The people who care about this fight do so deeply and earnestly. I watched a drunk Irishman and a drunk African-American debate the merits of their chosen avatar as they ascended the stairs back out into the Las Vegas heat. When they reached the top, they shared a hug and a head nod. We'll all find out who was right Saturday.
Backstage before the final press conference, UFC President Dana White is just as nervous as anyone else with a partisan stake in the bout.
"When the lights go out, my heart is going to be pounding until the fight is over," White says. "I don't know if I've ever felt this way before. Normally going into the week of a fight, they're both my guys...here, it's my guy vs. their guy. It's a different feeling."
In the meantime, he's doing his best to impact the outcome of the bout. Right now, the best solution he can come up with is sartorial.
"The Patriots won the Super Bowl last year, and I wore a Patriots shirts every day leading up to the Super Bowl," he says. "Not that I'm superstitious or anything, but I'm wearing Conor McGregor shirts everyday."
White shares a moment with the other side, reminiscing with Mayweather about the time, two decades ago now, when they both got their start in the business. Mayweather seems less sentimental than almost everyone who interviews him about this being his final fight week.
"I don't really like this," he revealed. "I'd rather be at home with my family. I just want to fight. But I understand my obligations, and this is my job."
The sports intelligentsia are rarely united, but they are walking in complete lockstep here. According to these arbitrators of taste and style, this fight is a grotesquerie, devoid of redeeming value.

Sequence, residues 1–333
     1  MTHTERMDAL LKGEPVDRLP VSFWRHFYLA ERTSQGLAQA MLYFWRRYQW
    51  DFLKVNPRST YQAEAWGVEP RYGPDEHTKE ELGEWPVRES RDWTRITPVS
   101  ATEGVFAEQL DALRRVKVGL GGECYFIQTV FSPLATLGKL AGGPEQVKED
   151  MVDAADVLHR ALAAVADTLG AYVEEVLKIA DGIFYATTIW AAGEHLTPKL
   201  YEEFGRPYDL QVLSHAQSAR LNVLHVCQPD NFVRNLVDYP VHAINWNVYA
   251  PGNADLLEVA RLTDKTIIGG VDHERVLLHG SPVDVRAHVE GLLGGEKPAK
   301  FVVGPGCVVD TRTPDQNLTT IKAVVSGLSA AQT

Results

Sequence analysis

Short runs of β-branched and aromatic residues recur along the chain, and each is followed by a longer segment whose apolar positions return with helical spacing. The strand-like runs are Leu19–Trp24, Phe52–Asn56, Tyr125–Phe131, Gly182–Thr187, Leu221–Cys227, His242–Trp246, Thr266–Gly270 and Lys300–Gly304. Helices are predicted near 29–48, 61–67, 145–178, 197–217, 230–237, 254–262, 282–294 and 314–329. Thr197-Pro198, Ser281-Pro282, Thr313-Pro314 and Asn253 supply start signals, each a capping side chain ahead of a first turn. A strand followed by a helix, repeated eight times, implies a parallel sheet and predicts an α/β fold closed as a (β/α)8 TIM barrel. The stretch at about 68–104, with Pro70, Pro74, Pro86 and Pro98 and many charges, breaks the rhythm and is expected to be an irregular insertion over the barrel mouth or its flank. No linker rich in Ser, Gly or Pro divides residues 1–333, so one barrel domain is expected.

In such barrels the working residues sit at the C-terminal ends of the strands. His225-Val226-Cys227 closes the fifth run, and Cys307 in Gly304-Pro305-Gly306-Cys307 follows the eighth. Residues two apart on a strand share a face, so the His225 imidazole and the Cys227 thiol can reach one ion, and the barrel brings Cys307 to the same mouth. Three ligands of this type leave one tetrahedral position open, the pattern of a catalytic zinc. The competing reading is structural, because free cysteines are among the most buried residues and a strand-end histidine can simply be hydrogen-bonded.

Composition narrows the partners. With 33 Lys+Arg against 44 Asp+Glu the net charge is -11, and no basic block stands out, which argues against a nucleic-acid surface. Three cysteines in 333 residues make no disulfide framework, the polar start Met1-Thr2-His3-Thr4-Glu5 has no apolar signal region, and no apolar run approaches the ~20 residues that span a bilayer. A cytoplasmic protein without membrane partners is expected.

One writer compared the bout to Drederick Tatum's cartoonish clubbering of Homer Simpson. At SB Nation, Spencer Hall said the fight reminded him of the menu at a Bennigan's. Our own Dave Schilling, who spent much of the week immersed in the madness, called his time in the storm "70 hours in hell."
The problem, according to conventional wisdom, is that this event is more spectacle than sport, gaudy, loud and gauche in a way that makes traditionalists slightly uncomfortable. During the week I'd see Carrot Top, former Detroit Pistons star Isiah Thomas and stripper-turned-rapper Cardi B.
So, perhaps, they have a point.
But I would humbly suggest the spectacle isn't this fight's weakness. It's what draws us all, fans and Carrot Top alike, to something so outside the normal boundaries of what we consider acceptable.
The world of sports is so antiseptic and carefully policed by roving bands of online proprietary police that little of the authentic remains. Athletes remove themselves from the public domain, coming out only to do carefully controlled media projects, staring at their phones during dreadfully dull press appearances and revealing only carefully scrubbed versions of themselves on social media.
Like them or not—and many don't—McGregor and Mayweather are free to reject this version of sports. They won't let themselves be beholden to any commissioner or league, leaving them free to speak their minds, even if what they have to say ends up being repulsive. They don't care how many souls are left wringing their hands at how vulgar it all is. Sometimes it takes the vulgar to make you feel anything at all.
That's why thousands gathered to hear McGregor's banter in cities around the world. In a world gone strangely silent, it's easy to mistake the loudest voice for the one most worth hearing. And there's no doubt McGregor has his trash-talking down pat.
It's why fans have flown across the ocean to stake their claim in Las Vegas. It's why Drake, Diddy, Mark Wahlberg and Charlize Theron will be just a handful of the dozens of celebrities scattered around the ring. People want to see something real. And fighting is the last refuge.
On stage, the men are free to say the most vile things to each other. When they are done, they'll punch each other in the face until someone tells them to stop. There's a purity there you can't find where men settle scores with a stick or a ball.
No one knows what is going to happen when the bell rings Saturday night. McGregor seems confident he will do to Floyd the same thing he's done to just about anyone he's shared blows with—outsmart and outpunch him. Conventional wisdom says Mayweather will do what he's done 49 times before and find a way to win.
Is it sport? Is it spectacle? And, more importantly, what makes one better than the other?
No matter the result, we'll all be discussing it the next day. Very few events are global in their impact, reaching out to touch a diverse cross-section of the planet. That alone makes this an event worth paying attention to. Like it or not, we're all in this one together.
Jonathan Snowden covers combat sports for Bleacher Report.